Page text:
2.3 Reaction Time
Fast-paced games like SSBM push players to the limits of their reaction time, which for the average person is about 250ms for visual stimuli (Jain et al., 2015). It has been found that this reaction time both varies throughout the population and can be improved with training, such as by playing video games (Dye et al., 2009). Human auditory reaction times are known to be somewhat faster, and indeed professional SSBM players will in certain situations listen for auditory cues instead of visual ones.
Many video games, Atari and SSBM included, run at 60Hz, which means that each frame lasts about 17ms. A completely undelayed agent thus has a reaction time of 17ms, while an agent under 15 frames of delay will have the reactions of an average human. We consider 12 frames to be the lowest human-plausible reaction time.
3 Deep RL and action delay
To our knowledge, deep reinforcement learning methods have not been deliberately applied to environments with action delay. 111Anecdotally, we have heard that A3C performs significantly worse in OpenAI’s Universe framework, which introduces a modest (40ms) length of delay. That being so, an empirical investigation is in order.
For all experiments, we augment the environment with a length queue of actions. When the agent takes an action, it is pushed to the queue, and the action which pops out of the other end is executed instead. Thus, each action is executed exactly steps later than usual. Note that each step encompasses multiple game frames due to frame skipping.
The action queue is passed to the agent along with the state at each step, giving the agent in principle perfect information. This is known as the augmented approach in (Walsh et al., 2008).
We trained IMPALA agents on six Atari games for 200 million frames using a frame skip of 4 and delays of 0 through 5 agent steps. Figure 1 shows the learning curves of the agents with varied delay for each game. While the outcomes of Ms. Pacman were slightly mixed, increasing delay resulted in significantly lower scores on all other games.
We trained IMPALA agents against the in-game AI at its hardest difficulty setting for one day using a frame skip of 3. Figure 2 shows the learning curves of agents with varying delay against the in-game AI. Again, increasing delay dramatically lowered performance.
3.4 Why is delay hard?
As we have seen, agents under action delay perform quite poorly. Intuitively, we can see that, with delay, the agent does not know which state it will be in when its action is eventually executed by the environment, and without this knowledge it is difficult to act appropriately (Figure 2(b)), as compared to the process of an agent with no delay (Figure 2(a)).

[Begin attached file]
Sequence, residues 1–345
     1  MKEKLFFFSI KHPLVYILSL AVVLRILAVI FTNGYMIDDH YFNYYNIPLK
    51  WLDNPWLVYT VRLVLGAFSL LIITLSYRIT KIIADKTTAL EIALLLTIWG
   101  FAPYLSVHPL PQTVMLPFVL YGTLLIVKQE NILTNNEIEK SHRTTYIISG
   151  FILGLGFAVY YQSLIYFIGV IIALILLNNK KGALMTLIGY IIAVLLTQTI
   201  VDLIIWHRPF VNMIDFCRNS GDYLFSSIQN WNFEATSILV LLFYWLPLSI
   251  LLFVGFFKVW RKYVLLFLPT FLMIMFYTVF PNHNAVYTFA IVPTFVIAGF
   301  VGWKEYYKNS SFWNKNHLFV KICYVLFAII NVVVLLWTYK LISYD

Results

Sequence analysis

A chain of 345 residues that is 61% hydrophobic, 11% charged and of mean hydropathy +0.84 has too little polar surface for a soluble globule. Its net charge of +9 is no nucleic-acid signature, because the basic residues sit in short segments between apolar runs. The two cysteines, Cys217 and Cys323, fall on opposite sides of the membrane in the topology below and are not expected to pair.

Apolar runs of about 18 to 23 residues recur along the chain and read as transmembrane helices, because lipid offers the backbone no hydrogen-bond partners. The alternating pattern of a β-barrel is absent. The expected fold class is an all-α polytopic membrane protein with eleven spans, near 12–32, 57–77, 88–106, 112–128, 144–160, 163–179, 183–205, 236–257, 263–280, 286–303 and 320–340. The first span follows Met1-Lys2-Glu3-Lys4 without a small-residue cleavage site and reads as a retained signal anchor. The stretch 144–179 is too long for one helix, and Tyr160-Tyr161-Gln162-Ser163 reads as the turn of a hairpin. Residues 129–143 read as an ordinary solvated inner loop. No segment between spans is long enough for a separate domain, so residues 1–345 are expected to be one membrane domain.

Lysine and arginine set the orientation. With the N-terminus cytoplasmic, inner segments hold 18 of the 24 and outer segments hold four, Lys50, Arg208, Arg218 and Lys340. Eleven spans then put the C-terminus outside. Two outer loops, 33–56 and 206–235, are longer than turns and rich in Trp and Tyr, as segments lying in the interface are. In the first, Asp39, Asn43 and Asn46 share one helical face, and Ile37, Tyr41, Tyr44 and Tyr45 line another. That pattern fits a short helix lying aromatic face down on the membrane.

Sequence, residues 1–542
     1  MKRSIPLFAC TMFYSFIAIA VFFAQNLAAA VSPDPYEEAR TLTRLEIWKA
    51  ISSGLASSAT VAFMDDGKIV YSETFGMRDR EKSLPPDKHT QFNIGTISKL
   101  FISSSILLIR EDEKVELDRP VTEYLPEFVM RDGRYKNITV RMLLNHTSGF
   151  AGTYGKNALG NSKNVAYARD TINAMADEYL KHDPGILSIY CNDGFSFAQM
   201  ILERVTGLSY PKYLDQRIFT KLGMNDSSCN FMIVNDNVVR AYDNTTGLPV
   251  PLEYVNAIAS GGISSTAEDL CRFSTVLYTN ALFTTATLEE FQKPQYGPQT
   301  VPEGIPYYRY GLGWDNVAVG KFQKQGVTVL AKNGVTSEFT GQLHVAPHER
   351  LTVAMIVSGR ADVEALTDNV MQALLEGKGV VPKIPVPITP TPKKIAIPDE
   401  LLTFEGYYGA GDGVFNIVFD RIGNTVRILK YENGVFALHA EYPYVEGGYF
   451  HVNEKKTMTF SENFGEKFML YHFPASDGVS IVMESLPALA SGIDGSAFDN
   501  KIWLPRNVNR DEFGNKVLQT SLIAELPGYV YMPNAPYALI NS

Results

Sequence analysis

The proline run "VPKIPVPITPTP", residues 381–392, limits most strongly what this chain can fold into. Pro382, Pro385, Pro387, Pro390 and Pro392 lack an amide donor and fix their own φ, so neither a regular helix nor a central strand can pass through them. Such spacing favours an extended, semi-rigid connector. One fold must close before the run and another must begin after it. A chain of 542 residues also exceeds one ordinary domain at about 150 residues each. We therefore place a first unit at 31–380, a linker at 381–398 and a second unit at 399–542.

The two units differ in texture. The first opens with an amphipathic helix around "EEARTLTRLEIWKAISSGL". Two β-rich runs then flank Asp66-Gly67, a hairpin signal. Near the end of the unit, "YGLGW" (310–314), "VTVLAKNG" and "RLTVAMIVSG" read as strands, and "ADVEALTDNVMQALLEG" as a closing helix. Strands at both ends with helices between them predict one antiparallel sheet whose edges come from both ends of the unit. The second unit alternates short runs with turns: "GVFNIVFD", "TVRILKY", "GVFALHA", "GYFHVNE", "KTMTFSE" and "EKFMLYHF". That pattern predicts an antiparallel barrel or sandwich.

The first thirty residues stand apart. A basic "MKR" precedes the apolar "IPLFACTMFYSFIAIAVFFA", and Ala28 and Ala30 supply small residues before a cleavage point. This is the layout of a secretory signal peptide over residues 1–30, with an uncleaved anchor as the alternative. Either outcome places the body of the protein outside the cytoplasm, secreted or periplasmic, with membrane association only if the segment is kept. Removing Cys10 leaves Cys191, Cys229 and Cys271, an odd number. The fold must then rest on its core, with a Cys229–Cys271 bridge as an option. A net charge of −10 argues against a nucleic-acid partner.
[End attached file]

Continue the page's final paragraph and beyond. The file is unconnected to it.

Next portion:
This is especially problematic when it comes to the discrete components of the state, which can completely change the transition dynamics and therefore the optimal policy. For example, in SSBM each of the two characters has a discrete “animation state” which can take on over three hundred different values. Possible values discriminate between the twenty or so different attacks the character might be performing, whether the character is jumping, running, crouching, rolling, sliding, stunned from an enemy attack, and many others. Knowing which state your character is in is crucial for determining the best action.
Even the continuous components such as position can be tricky to deal with under uncertainty, as there is sharp discontinuity between an attack hitting or missing based on the distance of the characters.
More theoretically, we can measure the complexity of adding delay by considering the size of the resulting delayed MDP. In order to be Markovian, we must augment the original space with the queue of delayed actions . This results in an increase by a factor of , which can easily become quite large.
4 Predictive modeling as a solution to delayed actions
4.1 Human perception
As we have seen, deep RL agents struggle in delayed environments. Since we wish to train policies that act under human-like delays, it is natural to ask how humans themselves deal with delay. Experimental psychology suggests that the brain constantly and subconsciously anticipates the near future in physical environments (Nijhawan, 1994). Optical illusions such as the Flash-Lag Effect show that our very perception of the present is actually a prediction, with moving objects placed in their extrapolated rather than present locations. This feature of our perceptual systems explains how we can perform athletic feats such as catching a baseball or returning a tennis serve with relatively slow motor controls.
4.2 Predicting the present